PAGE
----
But I’ve found a way around the problem (which is what living in France trains you to do with all problems!) so I can read well-priced books without being financially penalised simply because of where I live. Amazon will be losing out from me from now on, and if the trend is repeated by enough other Kindle owners affected by the tax, then maybe they’ll start taking notice and revise this unfair system.

Good for Smashwords.

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Scan-dalous Transformation!

Benj hard at work

I’m in the process of rereleasing most of my children’s books on Kindle. These are the old Mentor Press books. Since some of them go back more than ten years, I no longer have the files for them on computer. The back-ups are on an obsolete device of some sort, so I’d started retyping them out. Now, I’m a pretty fast typist but this didn’t seem to be the best use of my time, not with new fiction to write, a farm and fishing business to run and some freelance editing to do. So Chris set Benj up with the scanner and he’s taken over getting the print books into electronic format for me. He’s going great guns. The only drawback is that he has to disassemble the books in order to get a good quality scan. But I’ve got plenty of copies of them going spare.

Illustrator Roger Fereday will be doing some new covers for me, mainly for the Oh! series and the younger children’s books I wrote. Caitlin is designing covers too, for my older children’s books. So I should have another batch of books up on Kindle before very long. It’s really exciting!

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Writing Challenges Work

Back in March I wrote this:

This August is going to be a big month for us. On the 9th, Chris and I celebrate our silver wedding anniversary, and on the 13th, it will be five years since we arrived here. We’re having a big party on the 7th to jointly mark these occasions. And I’ve set myself the challenge of having self-published a book on the Kindle by then too. And why not? It’s something I want to do and it’s achievable with a bit of hard work between now and then.

I had envisaged having Heads Above Water, the first of my living in France books out, but in fact it’s my children’s book Oh Auntie! that pipped it to the post. I’ve finished the second draft of Heads Above Water and am currently reading through. I’ll be talking to Roger Fereday about the cover very soon, so I foresee epublishing it in September, all being well.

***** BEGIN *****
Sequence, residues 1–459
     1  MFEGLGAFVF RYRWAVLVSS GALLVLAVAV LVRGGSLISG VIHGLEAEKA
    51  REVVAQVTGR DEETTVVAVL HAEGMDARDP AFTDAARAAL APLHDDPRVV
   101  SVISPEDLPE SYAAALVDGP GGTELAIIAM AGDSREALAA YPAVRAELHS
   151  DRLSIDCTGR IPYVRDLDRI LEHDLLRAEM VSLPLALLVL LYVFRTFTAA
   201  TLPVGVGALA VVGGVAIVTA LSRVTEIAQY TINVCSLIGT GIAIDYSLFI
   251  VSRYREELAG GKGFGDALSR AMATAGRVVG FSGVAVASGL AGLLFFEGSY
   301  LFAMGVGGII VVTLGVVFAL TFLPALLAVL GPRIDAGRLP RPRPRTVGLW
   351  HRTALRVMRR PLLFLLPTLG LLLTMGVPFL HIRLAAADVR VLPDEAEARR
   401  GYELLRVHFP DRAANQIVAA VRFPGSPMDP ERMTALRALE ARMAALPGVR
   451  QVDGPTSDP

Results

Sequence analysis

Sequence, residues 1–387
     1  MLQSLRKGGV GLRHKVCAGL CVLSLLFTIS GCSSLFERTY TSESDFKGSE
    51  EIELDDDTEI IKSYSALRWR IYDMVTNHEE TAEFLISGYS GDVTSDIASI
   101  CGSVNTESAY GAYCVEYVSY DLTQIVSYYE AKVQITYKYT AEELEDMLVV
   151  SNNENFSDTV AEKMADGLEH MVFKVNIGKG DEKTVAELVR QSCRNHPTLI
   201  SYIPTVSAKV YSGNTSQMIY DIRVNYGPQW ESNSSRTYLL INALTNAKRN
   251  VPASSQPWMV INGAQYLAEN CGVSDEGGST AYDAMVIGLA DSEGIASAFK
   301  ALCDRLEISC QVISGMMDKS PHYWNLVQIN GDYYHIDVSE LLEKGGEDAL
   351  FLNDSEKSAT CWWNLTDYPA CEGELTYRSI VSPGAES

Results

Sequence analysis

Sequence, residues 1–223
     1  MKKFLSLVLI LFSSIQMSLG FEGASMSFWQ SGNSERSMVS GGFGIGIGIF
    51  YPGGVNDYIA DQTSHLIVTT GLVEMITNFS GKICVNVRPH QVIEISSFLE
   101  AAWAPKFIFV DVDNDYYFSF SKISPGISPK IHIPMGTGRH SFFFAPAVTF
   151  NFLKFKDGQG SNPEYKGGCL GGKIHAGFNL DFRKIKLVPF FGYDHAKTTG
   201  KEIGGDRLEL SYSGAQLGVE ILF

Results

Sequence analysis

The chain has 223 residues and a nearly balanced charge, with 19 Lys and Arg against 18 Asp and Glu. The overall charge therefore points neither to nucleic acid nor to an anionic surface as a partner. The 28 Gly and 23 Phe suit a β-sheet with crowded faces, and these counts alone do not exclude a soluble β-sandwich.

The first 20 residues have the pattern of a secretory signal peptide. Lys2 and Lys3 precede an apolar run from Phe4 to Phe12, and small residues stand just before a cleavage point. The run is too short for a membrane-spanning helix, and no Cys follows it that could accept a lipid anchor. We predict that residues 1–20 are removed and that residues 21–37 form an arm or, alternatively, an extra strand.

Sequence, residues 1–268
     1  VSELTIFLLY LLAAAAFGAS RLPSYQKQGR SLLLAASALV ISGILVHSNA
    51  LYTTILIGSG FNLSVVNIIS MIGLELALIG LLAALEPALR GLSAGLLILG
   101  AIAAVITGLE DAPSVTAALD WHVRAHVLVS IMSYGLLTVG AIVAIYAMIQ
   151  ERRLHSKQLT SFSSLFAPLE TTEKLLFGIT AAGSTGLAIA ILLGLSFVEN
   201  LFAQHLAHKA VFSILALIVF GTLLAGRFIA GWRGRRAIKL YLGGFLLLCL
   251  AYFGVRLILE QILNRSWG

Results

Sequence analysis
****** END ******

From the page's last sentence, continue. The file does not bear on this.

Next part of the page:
My next book on Kindle will be Beat the Hackers which I’ve just finished typing up and updating. Caitlin has designed an excellent cover for it. Like Oh Auntie!, this is a book that was previously published in traditional format by Mentor Press, but since that publisher closed its children’s publishing arm several years ago, the rights have reverted to me. So the plan is to re-release all my twenty-odd Mentor books and this time round give them the publicity they deserve. I’m writing new books too.

So – I met my challenge. In that case I’ll set another. I’m coming round to the view that writing challenges can be very productive. I want to have my work of adult fiction, Something Fishy: A Marcus Summers Mystery up on Kindle by December. This is a racy fishing-related mystery. There aren’t many in that genre yet but I think it’s a winning combination.

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Assisted Self-Publishing

I’d been wondering what the recent explosion in self-publishing was going to mean for traditional publishers and, in particular, for literary agents. It’s been all too obvious lately with what it’s doing to bookshops. Several big chains have unfortunately gone under due to the rise in ebooks – Borders in the US and Angus and Robertson in Australia are two examples.

To a large extent, literary agents have always been the hangers-on in the publishing world. They’re not contributing original material, like the authors are. They’re not producing the finished goods, like the publishers are. They’re somewhere in the middle taking a cut of the author’s earnings.

So it looks like some agents are becoming ‘self-publishing enablers’, offering ‘assisted self-publishing’. They will undertake to do tasks such as reformatting the author’s manuscript into ebook friendly formats, organising cover design, uploading files to Amazon, Smashwords etc  and drawing up marketing plans. These are all things the author could do on his or her own, with a very little bit of effort. First time is always the hardest preparing a manuscript for the digital market, as I know from experience, but once you’ve got the hang of what to do, it’s quick and straightforward. Most indie authors are up for doing as much as they can for themselves generally, so it remains to be seen how well this new agency role will catch on.

I was about to launch into  a longer discussion of this, but then came across David Gaughran’s excellent discussion of the topic here. He has far more clout and involvement in the world of digital publishing and can discuss the area much more knowledgeably than I can. It’s interesting to see I’m not the only one who’s questioning the new route agents will take.

 

 

 

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Nearly Ready to Self-Publish

I’m just about ready to self-publish my first book on Kindle.

The book is Oh Auntie! that I wrote in 2005 and which was published by Mentor Press in Ireland. I’ve updated it slightly and am rereleasing it since the copyright has reverted to me when Mentor pulled out of the children’s publishing market. It’s a nice story for 7-11 year olds – no issues, no nasties, just plain entertaining, which is how I feel kids’ books should be.

I’ve prepared the text for formatting for the Kindle, I have my ISBN number and I have my fantastic new cover artwork. What do you think of this?

It’s by the wonderful Roger Fereday.

So – time to start the publicity machine rolling while I work through the final stages. And then, well, I just hope the world’s ready!

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Ebooks and Younger Readers

I’m in the process of preparing some of my children’s books for publishing on Kindle. The copyright reverted to me a few years ago after Mentor Press sadly decided to stop its children’s publishing. So I will rerelease my books in electronic format. I’m doing a little bit of updating as I format them so they’re spot on for today’s kids. My Beat the Hackers needs to accommodate WiFi and Facebook, and the a few of the chickens named after popstars in Oh Auntie! need to be assume new identities. Britney will become Beyoncé, for example!